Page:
Posted on Wednesday 8 February 2012 by Ulster Business

Living in a box

Symon Ross reports on a new business planning to add a quirky variation to the increasingly diverse architecture on display around Northern Ireland.

How would you feel about sitting down to read the paper and sip your morning cappuccino inside a shipping container?

It might sound a little far fetched, but that’s exactly what planning consultant Andrew Heasley is hoping to convince the world is a good idea.

His company Coolbox Cargotecture ( describes itself as Northern Ireland’s first ‘cargotecture’ design consultancy. Its aim is to “design stunning buildings at an affordable price” using sustainably sourced shipping containers.

“I work as a planning consultant and I’ve always had an interest in sustainable design. I have been going through various ideas that might suit the economic downturn and I thought this was a good one. They are used around the world and I’m convinced there a number of markets for us to explore here in Northern Ireland,” he told Ulster Business.

With the ability to design, build and brand the containers to customers’ requirements, potential uses include containers as cafes, tourist facilities, pop-up restaurants, shops and commercial spaces, student housing and even hotels.

Companies have recognised the benefit of utilising such containers as meeting places to spread their brand concept. For example, Puma uses a specially adapted container as a pop-up store that moves around the world to major sporting events, while Tommy Hilfiger has put a bar in its converted container.

“It is a well used concept, originating in the US, and there are a few examples in England and Scotland now, but we will be the first in Northern Ireland,” says Andrew.

His initial plan is to start with some small-scale projects in Northern Ireland, most likely pop-up café units and tourist amenity buildings.

He believes there would be a “perfect synergy” to using these buildings in Titanic Quarter during the various events planned to mark the ship’s centenary and that they would also provide a great branding opportunity for businesses who want to tap into the tourist traffic. Events like the Irish Open could also open up some exciting opportunities.

Coolbox has also had some interest in the student housing and hotel layouts which have been used in countries such as the Netherlands and which he believes could work well filling sites that have been left vacant in Belfast city centre following the property boom.

Needless to say that a box that travels around the world on ships will be extremely durable as a building block.

But can you really convert an old shipping container into a comfortable space to eat, sleep or work? And can it really look like anything other than a 20, 30 or 40 foot metal box?

Andrew believes so. He has enlisted Adam Robinson of WH Stephens as project manager and former colleagues Derek Williamson and Siobhan Mullan, who worked on projects including Victoria Square for BDP, to ensure the architectural and civil engineering sides are up to scratch. They are convinced both the cost and branding opportunities will be appealing.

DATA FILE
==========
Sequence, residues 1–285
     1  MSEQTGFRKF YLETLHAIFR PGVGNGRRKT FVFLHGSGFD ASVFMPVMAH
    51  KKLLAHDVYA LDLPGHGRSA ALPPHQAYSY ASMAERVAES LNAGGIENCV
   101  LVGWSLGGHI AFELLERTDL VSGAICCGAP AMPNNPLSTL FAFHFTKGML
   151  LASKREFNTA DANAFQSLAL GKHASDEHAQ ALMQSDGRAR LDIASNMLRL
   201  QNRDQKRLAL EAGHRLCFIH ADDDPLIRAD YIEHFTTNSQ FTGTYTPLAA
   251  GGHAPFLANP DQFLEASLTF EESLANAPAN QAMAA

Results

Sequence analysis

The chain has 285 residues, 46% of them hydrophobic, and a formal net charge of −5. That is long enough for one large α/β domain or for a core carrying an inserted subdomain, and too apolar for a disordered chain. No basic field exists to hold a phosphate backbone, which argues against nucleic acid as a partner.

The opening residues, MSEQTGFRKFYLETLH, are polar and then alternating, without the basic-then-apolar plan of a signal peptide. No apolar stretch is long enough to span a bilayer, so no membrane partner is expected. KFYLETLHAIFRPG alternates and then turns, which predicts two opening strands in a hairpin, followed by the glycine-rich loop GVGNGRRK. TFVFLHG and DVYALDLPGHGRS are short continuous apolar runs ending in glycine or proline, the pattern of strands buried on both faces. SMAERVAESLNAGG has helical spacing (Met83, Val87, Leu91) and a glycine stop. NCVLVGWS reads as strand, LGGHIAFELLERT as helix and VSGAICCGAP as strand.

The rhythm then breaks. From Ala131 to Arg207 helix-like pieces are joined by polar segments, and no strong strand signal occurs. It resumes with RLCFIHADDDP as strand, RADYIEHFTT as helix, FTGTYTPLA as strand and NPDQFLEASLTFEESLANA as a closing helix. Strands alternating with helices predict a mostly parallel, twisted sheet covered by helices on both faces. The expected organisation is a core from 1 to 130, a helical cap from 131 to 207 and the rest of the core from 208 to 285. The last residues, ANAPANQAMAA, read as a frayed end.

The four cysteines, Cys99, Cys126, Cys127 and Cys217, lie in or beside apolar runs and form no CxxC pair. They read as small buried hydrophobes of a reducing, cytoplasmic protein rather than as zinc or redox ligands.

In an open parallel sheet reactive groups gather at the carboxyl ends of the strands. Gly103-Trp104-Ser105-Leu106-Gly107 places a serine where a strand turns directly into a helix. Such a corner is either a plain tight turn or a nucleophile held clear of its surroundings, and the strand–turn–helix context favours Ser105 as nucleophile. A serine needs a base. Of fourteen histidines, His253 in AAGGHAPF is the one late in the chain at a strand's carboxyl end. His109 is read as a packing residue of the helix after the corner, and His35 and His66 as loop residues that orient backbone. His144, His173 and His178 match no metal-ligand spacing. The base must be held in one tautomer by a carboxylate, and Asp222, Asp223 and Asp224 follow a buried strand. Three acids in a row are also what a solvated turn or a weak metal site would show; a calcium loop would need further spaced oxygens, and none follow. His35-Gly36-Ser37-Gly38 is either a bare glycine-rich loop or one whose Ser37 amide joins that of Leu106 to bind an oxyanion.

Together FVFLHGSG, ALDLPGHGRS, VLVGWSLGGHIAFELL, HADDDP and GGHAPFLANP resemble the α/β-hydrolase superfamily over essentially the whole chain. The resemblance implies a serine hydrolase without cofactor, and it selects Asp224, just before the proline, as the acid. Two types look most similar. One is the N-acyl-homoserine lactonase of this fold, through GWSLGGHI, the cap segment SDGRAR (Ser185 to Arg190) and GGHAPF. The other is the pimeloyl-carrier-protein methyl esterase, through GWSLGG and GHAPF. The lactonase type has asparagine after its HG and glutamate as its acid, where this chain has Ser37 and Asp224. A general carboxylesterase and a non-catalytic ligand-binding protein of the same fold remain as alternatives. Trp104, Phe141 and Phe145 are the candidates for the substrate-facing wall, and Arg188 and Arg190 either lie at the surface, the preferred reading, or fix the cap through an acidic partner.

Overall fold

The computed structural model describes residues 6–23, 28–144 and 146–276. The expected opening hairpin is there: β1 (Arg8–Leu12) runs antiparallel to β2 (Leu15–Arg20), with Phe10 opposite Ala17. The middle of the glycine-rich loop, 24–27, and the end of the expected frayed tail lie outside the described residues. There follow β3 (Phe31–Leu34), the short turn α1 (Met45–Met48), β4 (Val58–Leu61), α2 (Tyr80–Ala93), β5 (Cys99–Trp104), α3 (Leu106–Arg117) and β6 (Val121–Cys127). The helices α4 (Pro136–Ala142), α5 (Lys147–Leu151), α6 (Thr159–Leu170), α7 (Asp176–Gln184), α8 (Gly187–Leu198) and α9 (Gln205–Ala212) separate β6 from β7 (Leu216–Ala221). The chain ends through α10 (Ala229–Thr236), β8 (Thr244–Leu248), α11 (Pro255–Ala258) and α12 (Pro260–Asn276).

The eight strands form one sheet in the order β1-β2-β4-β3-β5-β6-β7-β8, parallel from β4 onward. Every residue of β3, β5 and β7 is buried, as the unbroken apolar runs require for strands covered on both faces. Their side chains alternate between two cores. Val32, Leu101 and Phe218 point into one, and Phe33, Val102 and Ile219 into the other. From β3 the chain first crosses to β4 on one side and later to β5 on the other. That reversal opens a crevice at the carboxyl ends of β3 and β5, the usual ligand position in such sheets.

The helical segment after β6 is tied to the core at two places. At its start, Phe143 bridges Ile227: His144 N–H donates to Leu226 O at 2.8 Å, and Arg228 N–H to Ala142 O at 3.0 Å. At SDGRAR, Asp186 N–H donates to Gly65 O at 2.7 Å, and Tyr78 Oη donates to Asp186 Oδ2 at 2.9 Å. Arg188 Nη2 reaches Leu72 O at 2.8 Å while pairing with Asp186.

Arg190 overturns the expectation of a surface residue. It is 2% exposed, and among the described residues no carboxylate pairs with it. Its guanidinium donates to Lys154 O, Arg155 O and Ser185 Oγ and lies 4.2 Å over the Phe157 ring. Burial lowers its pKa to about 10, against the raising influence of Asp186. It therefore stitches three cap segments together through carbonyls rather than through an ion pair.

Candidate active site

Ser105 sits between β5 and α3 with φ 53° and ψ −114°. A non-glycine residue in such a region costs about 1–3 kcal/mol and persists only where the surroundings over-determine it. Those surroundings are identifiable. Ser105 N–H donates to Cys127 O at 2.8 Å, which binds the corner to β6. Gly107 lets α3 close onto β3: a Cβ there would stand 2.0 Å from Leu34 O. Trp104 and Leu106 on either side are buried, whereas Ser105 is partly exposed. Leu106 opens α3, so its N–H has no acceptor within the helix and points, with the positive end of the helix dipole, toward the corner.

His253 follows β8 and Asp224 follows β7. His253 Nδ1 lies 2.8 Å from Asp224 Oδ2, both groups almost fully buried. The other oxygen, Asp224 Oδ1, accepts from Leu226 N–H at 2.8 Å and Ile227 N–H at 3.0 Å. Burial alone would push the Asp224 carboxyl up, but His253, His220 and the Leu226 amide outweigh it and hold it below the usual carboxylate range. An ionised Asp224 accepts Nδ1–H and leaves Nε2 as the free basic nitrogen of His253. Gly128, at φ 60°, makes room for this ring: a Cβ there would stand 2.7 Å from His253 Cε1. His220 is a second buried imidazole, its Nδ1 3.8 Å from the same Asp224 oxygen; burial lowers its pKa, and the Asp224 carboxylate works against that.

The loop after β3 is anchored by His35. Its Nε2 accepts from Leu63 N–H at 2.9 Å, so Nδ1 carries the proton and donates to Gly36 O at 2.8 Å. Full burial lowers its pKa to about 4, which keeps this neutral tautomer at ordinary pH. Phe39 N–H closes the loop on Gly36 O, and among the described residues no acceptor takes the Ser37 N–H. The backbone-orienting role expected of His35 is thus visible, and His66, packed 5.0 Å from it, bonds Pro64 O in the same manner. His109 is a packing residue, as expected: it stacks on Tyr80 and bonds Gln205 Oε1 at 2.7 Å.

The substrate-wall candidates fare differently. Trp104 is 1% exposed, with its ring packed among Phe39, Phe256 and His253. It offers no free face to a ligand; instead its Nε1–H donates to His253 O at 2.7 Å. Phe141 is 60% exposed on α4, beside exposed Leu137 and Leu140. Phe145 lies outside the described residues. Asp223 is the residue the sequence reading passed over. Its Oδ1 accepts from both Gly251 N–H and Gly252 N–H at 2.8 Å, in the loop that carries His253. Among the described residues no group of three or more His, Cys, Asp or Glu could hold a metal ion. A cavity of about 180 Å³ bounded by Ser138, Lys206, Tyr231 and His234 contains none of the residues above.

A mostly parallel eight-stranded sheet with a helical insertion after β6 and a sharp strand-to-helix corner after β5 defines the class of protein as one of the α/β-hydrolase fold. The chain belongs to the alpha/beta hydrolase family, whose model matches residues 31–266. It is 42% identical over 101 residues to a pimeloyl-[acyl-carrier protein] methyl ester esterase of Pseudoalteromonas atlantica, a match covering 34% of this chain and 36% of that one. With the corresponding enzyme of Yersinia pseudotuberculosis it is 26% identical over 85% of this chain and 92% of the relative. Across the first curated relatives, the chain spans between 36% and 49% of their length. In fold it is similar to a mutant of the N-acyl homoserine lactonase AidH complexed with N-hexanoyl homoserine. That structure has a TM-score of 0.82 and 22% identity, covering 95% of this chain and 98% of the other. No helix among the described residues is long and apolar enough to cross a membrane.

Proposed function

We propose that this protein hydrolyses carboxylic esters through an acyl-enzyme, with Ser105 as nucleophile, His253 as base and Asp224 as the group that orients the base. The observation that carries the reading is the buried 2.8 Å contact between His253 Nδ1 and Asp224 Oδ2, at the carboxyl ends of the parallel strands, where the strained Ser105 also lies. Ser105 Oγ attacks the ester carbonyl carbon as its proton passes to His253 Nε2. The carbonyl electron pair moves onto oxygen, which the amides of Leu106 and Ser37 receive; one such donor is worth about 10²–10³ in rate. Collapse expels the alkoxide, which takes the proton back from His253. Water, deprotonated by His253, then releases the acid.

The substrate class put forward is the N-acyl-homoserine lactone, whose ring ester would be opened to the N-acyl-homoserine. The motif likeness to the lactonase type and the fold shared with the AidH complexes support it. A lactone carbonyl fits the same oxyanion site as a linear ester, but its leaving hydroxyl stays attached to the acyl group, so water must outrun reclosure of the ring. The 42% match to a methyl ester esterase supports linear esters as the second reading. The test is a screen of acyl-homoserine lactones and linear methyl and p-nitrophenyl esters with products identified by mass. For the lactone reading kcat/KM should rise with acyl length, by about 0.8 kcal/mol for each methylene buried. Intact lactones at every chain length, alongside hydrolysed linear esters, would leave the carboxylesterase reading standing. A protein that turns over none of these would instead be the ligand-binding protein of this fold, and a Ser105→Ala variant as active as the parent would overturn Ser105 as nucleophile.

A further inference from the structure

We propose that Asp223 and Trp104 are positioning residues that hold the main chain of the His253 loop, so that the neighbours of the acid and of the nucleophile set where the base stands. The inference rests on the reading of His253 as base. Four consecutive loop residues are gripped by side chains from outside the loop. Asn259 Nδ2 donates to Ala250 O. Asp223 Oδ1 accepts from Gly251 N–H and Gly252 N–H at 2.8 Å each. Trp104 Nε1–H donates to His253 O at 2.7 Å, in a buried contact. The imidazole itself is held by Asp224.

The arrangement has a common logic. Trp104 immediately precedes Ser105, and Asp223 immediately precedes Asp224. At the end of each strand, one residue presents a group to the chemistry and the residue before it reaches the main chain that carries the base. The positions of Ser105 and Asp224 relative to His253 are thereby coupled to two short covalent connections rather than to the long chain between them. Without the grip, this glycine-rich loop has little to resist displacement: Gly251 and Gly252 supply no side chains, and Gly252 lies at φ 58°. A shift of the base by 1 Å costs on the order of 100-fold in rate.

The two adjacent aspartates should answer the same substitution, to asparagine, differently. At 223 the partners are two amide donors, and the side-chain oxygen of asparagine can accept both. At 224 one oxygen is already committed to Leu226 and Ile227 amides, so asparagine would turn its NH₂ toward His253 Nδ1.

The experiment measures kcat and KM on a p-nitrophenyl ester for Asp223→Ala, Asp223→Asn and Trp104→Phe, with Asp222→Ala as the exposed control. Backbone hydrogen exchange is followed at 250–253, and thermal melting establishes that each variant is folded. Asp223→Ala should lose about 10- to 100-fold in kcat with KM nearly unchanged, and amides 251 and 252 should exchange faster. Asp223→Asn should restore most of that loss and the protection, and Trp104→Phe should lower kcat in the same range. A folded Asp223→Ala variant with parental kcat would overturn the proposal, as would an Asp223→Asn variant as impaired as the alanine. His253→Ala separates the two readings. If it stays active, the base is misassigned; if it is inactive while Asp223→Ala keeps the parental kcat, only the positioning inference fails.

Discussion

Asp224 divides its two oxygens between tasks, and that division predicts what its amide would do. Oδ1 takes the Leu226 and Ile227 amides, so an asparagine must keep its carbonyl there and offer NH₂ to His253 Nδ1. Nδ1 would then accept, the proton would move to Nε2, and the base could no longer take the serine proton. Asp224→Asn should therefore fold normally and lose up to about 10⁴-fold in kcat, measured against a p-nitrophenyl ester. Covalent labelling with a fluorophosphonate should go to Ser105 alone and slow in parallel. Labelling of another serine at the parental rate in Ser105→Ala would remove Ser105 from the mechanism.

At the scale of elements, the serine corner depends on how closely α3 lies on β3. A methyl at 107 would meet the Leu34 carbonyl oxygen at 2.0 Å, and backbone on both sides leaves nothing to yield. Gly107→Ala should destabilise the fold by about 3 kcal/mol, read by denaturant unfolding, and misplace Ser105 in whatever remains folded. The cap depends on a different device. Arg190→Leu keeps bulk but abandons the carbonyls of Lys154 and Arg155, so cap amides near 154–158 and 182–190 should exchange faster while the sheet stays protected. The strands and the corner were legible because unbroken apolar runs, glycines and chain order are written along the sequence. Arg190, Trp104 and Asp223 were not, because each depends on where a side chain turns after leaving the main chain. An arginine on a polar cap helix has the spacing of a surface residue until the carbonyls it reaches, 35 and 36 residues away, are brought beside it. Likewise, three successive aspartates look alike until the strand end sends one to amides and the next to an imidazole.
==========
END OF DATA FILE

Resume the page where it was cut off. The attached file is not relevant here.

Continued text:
“Everyone is very passionate about what we are trying to do. We are trying to push the design element as much as possible rather than just having a bland and functional building,” he says.

Coolbox will work with Mobile Mini UK Ltd, a multinational shipping container company which buys them off the shipping companies and fits them out. Mobile Mini UK Ltd specialises in fitting out containers used by contractors on buildings sites for office space or canteen facilities.

After some slightly more stylish design input from Andrew and his team, the partner firm will do most of the fit-out work off site, with containers then dropped in with minimal disruption to existing premises.

They can become fixed sites or temporary buildings which the company may hire out and take back to re-use again, or sell to councils and private developers to be franchised out.

“We’re living in difficult economic times and our buildings will cost approximately 40% less than a traditionally constructed building. Depending on ground conditions and use, there will be no need for foundations and block work, which are two big expenses in a traditional build,” adds Andrew.

“It is an extremely flexible building product and we will be able to do the small up to the very ambitious schemes.”

The local authorities have been receptive to the idea of “cargotecture” in Belfast, and the company has held talks with around a dozen potential customers who are keen on the concept.

“I’m sure some people might not like them, but we have got people talking about them,” says Andrew. Once we get the first one off the ground we can really go for it.”

“It is an extremely flexible building product and we will be able to do the small up to the very ambitious schemes.”


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